The post office is gone. The school is gone. City Hall is gone. Most of the churches are gone. Nearly every building in Smithville, Mississippi is gone or so heavily damaged they will have to be demolished. The devastation from last week's F5 tornado is so widespread, so absolute, that it's easier to tally what remains: The telephone company. Coker's Han-D-Mart. And an unshakeable sense of faith.
Sunday morning, amid the droning of chainsaws, an estimated 500 people gathered beneath a tent in front of the ruins of Smithville Baptist Church, where they laughed, cried, shared stories of survival, and mourned their dead. Even as parishioners praised God and remembered the 15 people who perished in this tiny Mississippi town, search and recovery teams continued combing the fields, looking for the 14 who remain missing. A hearse slipped silently down Highway 25. American flags waved against an overcast sky.
With the tornado a half a mile wide, with wind speeds topping 205 miles per hour, it's a miracle anyone made it through, residents say. It was the worst twister Mississippi has seen since 1966, yet within the three-mile path of destruction it left behind more than 200 homes and 20 businesses destroyed most of Smithville's 900 residents survived. Pastor Wes White choked back tears as he recalled lying in bed that night, asking the question everyone here is asking: "Why am I alive?"
At a time when the entire South is hurting, struggling to comprehend a storm system that spawned long-track tornadoes across six states, took 342 lives, and injured thousands, it is a question with no easy answers.
Two-story brick homes were swept from their foundations. Buildings that have stood for centuries lie in splintered shards. People of all ages, denominations, and socio-economic levels were affected. For those who are left behind, it makes no sense.
And so they draw upon the twined roots of family, community, and faith. In small Southern towns, White said, these roots are so deep, so interconnected, that even when all is gone, church holds the power to act as a cohesive agent, rebinding the shattered, bonding the broken. "A lady asked if this was the end of Smithville," White says. "I told her, 'You don't understand Smithville. We're not going anywhere. This is our home. And faith is the vehicle in which we travel.'" White called the tornado a "resurrection moment" for the town, saying he hopes the spirit of the people will serve as a beacon of hope for a devastated region.
As youth minister Todd Summerford, 24, picked through the rubble of the church he has attended since childhood, he tried to explain what faith means in a small community like Smithville, where everyone knows everyone, and directions are still given by landmarks, even once the landmarks are gone. Church is the center of Southern rural existence, he says. It's where babies are baptized, couples are married, beloved residents are laid to rest. It is home. It is life.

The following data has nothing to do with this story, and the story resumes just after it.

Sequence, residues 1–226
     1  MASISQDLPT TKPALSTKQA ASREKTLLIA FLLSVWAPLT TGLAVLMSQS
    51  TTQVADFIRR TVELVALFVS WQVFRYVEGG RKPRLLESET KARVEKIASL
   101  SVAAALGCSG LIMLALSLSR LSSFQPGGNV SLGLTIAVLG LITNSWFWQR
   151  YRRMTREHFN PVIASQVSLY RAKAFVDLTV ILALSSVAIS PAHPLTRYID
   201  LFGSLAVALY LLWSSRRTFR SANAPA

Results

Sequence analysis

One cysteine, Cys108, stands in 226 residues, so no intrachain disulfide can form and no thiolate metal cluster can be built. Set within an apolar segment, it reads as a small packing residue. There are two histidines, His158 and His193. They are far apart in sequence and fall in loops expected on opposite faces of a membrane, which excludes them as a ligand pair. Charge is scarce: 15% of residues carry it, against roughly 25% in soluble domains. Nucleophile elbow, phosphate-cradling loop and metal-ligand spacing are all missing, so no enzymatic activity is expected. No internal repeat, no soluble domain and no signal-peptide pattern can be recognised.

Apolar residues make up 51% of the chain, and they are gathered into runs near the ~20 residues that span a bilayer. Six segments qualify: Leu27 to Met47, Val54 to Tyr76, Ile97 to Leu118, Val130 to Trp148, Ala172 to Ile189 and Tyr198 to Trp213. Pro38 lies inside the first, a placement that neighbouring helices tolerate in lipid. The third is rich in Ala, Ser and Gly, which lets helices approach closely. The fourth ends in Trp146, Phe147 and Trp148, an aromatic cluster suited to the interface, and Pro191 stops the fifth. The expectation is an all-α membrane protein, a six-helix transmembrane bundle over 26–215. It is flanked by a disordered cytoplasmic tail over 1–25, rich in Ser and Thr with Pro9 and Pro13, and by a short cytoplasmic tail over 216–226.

For residents like Carol and Jim Herren, their faith is stronger now than ever. Their two daughters were home alone when the tornado struck. The girls took refuge in the hallway, and when the house stopped shaking, they realized the only two walls left standing had sheltered them. The elderly couple in the house next door died.
Jim Herren says he has no intention of leaving Smithville. He plans to rebuild in the same spot. Still, it's hard. "When you walk down the highway in front of your house, and you don't recognize anything..." His voice trails, and he pulls his oldest daughter to his chest. "God put his hand over the part of the house they were in," he says.
White cautioned residents against pondering the "what ifs." Earlier in the day of the catastrophe, before the twister hit, he and Summerford had debated canceling regular Wednesday night services. Severe weather was a possibility, but at the time they decided to cancel, Monroe County hadn't been placed under a tornado warning. In the end, they decided the risk was high enough to warrant telling everyone to stay home. In the end, it was the right decision. At 3:47 p.m., the sirens began sounding. When the tornado approached, the pair stood on the church steps and watched, transfixed by the power and intensity of what some Southerners call "the finger of God."
A group of terrified mobile home residents fled to the church, and as they raced up the steps, White's reverie was broken. What if they hadn't sought shelter? What if he hadn't led the ragtag group to the old nursery in the center of the church that withstood the storm? There is no point in "what ifs." The only question worth asking, he says, is "Do you believe?"
Even as he preaches of resurrection, and the reunion with those who have passed on, he mourns. His people mourn. The South mourns. "I may not know what to do, but I know where to go," White told the crowd. He pointed out a stained glass window bearing an image of Jesus with outstretched arms. It survived the tornado. So, too, the people of Smithville will survive.
And as he does on so many Sundays, he gazed over the sea of faces, some with eyes closed, some with tears streaming, and said, "I'm so glad you're here."